Today we continue with get-to-know-you activities.
I found a lot of interesting ones on the internet, and this one seems pretty great. It is a game in which there is a mystery factor because students try to find out more about each other by asking questions and giving clues. They work in pairs (make sure they mingle to prevent them from talking to the same people all the time) and I think that the best thing about this game is that they also get to know you – which will probably be the most interesting thing for them. Due to that, this activity is also great to use if you are a new teacher in a class where students already know each other well.
Another possibility is to play a snowball fight. This one is extremely popular with boys, but make sure no one gets hurt. These are the steps:
- Write 3 very simple sentence prompts on the board. They could look like this:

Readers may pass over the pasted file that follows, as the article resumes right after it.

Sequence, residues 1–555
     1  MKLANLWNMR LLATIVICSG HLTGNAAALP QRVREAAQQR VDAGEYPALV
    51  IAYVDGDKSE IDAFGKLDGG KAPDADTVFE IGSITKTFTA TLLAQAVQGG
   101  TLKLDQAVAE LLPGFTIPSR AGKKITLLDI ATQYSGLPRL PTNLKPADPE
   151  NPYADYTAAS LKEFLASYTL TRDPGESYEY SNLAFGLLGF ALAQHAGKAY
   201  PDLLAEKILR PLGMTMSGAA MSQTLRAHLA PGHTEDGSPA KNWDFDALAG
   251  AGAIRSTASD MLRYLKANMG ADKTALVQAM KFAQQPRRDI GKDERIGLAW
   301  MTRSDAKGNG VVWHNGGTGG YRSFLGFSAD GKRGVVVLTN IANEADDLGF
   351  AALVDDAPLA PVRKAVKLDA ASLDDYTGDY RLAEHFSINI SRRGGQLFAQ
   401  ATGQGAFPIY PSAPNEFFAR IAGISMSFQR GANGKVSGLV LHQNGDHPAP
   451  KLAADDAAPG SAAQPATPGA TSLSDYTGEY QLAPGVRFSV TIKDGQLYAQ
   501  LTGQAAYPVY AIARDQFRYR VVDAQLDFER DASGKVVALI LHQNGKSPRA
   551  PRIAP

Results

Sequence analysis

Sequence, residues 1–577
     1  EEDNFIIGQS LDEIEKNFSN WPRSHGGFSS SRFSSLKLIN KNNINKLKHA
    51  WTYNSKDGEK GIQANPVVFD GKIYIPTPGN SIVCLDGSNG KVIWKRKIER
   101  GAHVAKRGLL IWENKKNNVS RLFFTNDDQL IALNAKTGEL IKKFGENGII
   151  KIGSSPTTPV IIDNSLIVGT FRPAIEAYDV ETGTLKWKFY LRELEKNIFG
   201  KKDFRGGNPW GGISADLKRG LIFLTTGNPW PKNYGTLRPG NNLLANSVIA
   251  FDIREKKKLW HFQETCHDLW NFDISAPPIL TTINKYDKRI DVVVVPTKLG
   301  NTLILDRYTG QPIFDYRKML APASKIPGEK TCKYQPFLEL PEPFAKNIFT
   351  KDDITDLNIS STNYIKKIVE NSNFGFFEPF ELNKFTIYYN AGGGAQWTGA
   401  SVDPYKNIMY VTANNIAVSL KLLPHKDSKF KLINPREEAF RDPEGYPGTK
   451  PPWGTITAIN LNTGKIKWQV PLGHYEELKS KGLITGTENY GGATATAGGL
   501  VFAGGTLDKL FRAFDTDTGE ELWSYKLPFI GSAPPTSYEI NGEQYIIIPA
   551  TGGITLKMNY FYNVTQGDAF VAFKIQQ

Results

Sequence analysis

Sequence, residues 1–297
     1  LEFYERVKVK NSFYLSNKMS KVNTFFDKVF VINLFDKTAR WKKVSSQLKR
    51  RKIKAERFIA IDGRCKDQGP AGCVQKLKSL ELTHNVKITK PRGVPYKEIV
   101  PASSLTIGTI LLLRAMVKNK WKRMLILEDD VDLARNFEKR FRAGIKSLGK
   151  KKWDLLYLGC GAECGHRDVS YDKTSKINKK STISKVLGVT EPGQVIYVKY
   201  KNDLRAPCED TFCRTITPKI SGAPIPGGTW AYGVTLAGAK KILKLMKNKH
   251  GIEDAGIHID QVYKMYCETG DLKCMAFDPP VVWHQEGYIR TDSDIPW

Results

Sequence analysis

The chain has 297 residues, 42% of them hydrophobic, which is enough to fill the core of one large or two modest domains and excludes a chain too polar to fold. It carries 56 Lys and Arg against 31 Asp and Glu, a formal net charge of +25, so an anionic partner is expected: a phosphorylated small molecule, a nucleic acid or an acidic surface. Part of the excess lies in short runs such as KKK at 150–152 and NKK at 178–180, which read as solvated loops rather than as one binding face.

1. My favorite sport is ______________________________.
2. In my free time I ________________________________.
3. My favorite song is ______________________________.
- Now give each student a piece of paper and tell them to write down the sentences and finish them according to their own lives.
- When they are done, they should crumple up their paper and start a snowball fight. Let them fight for a minute.
- Each student should have one snowball in their hands when they finish fighting. They should unravel it and read the sentences to the rest of the class. The rest of the class should guess who the author is.
There is also one activity I like to call – TRUE OR FALSE. Each person should tell two sentences to the rest of the class. They should both be interesting and strange in content and should be about something that happened to them, except that one is true and one is made up. The rest of the class should guess which one is true and the person speaking should then tell the whole story behind it. This activity would be best for advanced learners and if there are a lot of them in class, it would be advisable to do it in groups or pairs.
What do you think about these ice-breakers? Do you find them possible to do in your classes?